An Inventory of the Historical Monuments in City of York, Volume 5, Central. Originally published by Her Majesty's Stationery Office, London, 1981.
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Goodramgate runs N. from King's Square towards the position of the N.E. gate of the Roman fortress but, at the junction with College Street and Bedern, bends N.E. to Monk Bar. The name, derived from the Danish personal name Gutherun or Guthrum, is first recorded in 1177–81. Most of the street lay in the parish of Holy Trinity, the church being set back on the W. side and concealed by Lady Row (222), a range of cottages built on its churchyard in 1316. In 1771 the S. end of the street was widened on the W. side between Petergate and Holy Trinity churchyard. Some fine 15th-century houses remain on the E. side but lesser timber-framed buildings were destroyed when Deangate was made in 1903. More recently, two large supermarkets have been built in the street and the most prominent building is a lofty furniture store. Some lanes still run E. from Goodramgate to St. Andrewgate; one, the former Bakers' Lane, has been shown by excavation to have had a mediaeval origin.
(183) Houses and Shops, Nos. 9, 11, of three storeys, built c. 1840, stand at the corner of Aldwark. They have walls of stock brick in Flemish bond and slate-covered roofs. The ground floor has modern shop fronts and on the upper floors are sashed windows with recessed frames.
(184) House, No. 13, of the 15th or early 16th century, is timber-framed, in two bays, with the first floor jettied on the front elevation. Originally of two storeys, it was heightened in the 19th century to provide a semi-attic, and the general appearance is now of the latter date and uniform with the adjacent building, No. 15. The front elevation is rendered and there are Victorian gablets with shaped barge-boards over the first-floor and dormer windows. The back elevation is mostly obscured by an early 19th-century addition; the only original part visible is at the S.E. end where the corner-post confirms the absence of a jetty on this side. This post has a curved brace to the wall-plate. Inside, very little framing can be seen. Part of the original central crown-post roof truss survives embedded in a partition in the attic; the bracing of the crown-post and the collar-purlin have probably been removed, and the rest of the roof has been rebuilt.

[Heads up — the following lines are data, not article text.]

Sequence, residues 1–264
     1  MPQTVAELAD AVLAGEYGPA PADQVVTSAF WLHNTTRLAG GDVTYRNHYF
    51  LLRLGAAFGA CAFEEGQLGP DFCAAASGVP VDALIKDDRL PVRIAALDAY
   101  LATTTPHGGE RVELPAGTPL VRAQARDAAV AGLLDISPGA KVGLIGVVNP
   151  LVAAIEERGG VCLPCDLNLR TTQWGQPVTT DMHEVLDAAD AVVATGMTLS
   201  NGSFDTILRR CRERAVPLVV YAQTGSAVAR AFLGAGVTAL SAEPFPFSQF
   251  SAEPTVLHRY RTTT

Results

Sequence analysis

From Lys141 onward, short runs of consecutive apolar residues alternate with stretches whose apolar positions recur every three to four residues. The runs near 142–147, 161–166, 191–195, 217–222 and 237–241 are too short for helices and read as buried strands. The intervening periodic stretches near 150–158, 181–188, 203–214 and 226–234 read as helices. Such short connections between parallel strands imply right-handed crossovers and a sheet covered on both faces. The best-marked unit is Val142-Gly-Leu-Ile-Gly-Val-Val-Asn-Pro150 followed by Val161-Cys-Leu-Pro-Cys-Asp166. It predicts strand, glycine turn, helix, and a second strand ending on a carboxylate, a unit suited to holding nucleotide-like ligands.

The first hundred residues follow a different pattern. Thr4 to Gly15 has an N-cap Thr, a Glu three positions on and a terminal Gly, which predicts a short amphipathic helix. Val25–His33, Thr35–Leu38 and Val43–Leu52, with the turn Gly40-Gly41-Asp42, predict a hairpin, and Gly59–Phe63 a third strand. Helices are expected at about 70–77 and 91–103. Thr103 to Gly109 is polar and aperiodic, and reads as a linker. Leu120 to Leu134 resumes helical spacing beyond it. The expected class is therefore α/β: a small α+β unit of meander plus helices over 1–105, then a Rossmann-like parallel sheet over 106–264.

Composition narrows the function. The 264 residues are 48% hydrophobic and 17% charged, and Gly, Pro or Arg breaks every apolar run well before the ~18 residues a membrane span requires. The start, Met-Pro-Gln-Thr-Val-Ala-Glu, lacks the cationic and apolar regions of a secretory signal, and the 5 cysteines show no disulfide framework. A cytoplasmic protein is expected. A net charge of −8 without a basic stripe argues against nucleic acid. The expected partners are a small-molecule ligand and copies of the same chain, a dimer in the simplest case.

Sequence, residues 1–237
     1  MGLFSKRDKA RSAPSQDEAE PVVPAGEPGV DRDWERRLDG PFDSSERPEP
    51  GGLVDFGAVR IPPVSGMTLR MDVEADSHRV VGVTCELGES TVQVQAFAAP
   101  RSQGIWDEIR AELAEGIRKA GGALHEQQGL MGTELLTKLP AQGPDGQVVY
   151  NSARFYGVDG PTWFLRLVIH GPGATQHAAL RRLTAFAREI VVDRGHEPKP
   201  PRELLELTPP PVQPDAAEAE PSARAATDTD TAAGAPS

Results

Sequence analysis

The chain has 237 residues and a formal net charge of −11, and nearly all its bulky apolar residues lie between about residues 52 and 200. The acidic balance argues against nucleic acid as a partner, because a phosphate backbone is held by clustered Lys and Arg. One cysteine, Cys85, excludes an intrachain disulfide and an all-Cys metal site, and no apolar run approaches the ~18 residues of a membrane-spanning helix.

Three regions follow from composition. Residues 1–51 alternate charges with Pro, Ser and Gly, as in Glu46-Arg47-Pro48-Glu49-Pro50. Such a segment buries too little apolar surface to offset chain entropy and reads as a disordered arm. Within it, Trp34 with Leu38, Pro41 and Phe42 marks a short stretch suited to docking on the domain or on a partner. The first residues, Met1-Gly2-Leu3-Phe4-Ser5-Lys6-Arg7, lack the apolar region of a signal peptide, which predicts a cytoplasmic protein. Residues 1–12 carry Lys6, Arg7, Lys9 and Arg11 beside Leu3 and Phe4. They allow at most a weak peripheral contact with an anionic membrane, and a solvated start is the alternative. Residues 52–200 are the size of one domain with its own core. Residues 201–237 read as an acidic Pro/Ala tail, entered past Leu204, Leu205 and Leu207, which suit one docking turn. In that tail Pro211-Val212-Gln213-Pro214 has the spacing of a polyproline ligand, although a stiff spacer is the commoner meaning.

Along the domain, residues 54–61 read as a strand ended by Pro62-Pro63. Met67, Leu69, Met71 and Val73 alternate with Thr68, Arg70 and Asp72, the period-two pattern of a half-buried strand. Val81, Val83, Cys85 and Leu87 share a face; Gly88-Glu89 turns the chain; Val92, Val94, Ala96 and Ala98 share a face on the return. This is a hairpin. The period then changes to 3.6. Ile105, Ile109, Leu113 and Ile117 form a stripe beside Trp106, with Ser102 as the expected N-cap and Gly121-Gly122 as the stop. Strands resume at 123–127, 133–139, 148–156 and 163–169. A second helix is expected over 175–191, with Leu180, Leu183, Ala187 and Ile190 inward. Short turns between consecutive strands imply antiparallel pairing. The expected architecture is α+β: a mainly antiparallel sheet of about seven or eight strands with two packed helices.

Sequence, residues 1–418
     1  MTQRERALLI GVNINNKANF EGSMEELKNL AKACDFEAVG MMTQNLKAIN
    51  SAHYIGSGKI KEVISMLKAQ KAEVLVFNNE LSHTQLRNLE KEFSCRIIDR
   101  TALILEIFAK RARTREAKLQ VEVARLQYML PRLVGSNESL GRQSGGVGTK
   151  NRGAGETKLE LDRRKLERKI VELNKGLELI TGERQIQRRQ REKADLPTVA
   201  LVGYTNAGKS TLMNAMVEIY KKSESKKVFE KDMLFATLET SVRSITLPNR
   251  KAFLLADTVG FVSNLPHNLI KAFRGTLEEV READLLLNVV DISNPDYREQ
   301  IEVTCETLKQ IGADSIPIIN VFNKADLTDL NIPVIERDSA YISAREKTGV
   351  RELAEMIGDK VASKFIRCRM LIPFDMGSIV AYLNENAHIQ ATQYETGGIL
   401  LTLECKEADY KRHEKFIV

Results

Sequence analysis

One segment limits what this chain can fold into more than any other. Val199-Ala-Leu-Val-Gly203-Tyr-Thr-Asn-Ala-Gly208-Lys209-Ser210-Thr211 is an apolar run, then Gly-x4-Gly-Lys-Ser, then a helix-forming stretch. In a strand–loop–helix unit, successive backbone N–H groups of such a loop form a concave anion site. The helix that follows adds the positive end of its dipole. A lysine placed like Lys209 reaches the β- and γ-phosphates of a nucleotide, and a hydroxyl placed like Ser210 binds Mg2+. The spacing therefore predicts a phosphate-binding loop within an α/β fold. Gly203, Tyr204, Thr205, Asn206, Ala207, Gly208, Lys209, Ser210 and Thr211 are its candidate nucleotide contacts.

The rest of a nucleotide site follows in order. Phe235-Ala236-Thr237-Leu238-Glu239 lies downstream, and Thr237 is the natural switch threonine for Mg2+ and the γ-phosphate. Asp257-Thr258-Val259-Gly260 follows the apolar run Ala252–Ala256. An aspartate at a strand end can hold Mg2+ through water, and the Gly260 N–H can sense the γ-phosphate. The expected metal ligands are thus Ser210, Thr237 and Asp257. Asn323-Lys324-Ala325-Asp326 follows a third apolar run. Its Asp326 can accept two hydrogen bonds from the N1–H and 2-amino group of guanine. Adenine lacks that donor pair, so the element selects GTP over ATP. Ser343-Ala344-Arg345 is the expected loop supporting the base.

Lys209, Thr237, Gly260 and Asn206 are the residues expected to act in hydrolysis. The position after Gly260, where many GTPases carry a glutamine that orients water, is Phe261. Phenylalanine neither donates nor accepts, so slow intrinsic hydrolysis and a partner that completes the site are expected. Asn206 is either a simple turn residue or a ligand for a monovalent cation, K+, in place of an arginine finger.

(185) House, No. 15, built probably in the 16th or 17th century, is timber-framed and was originally of two storeys but heightened in the 19th century to provide a semi-attic, in a similar manner to No. 13 adjoining. The framing is of two bays, with the first floor jettied to the front. The S.W. end wall was not closed, indicating that it was either built up against an existing building or that the range formerly extended further. On the first floor of the S.W. bay are posts in the front wall with heads jowled in the wall-plane, suggesting a gabled roof facing the street. Very little framing is otherwise visible, and the existing roof is a later rebuild.
The front elevation is rendered and has Victorian gablets over windows and dormers to match No. 13. At the back is a large chimney, possibly 17th-century, together with later additions (see also No. 17 (186)). On the first floor is an early 19th-century reeded chimney-piece.
(186) House, No. 17, consists of one-and-a-half bays surviving from an originally longer timber-framed range of two storeys and attic, jettied towards the street, and probably built in the 16th century. At the rear was a late 18th-century brick extension; this connected to a two-storey house of similar date, standing behind No. 15, which faced S.W. and had a central staircase with rooms to each side. The framed range had been much altered and the roof rebuilt; after deteriorating badly, it was reconstructed in 1972 and at the same time the 18th-century buildings behind were demolished and replaced by new structures.
(187) House, No. 21, of two storeys and attics, was built in the mid 18th century on the usual plan of central transverse staircase between single rooms to front and rear. In the early 19th century the staircase was rebuilt and some fittings were renewed; the ground-floor shop was wholly modernised in the 20th century and a new staircase to the first floor made in the back room.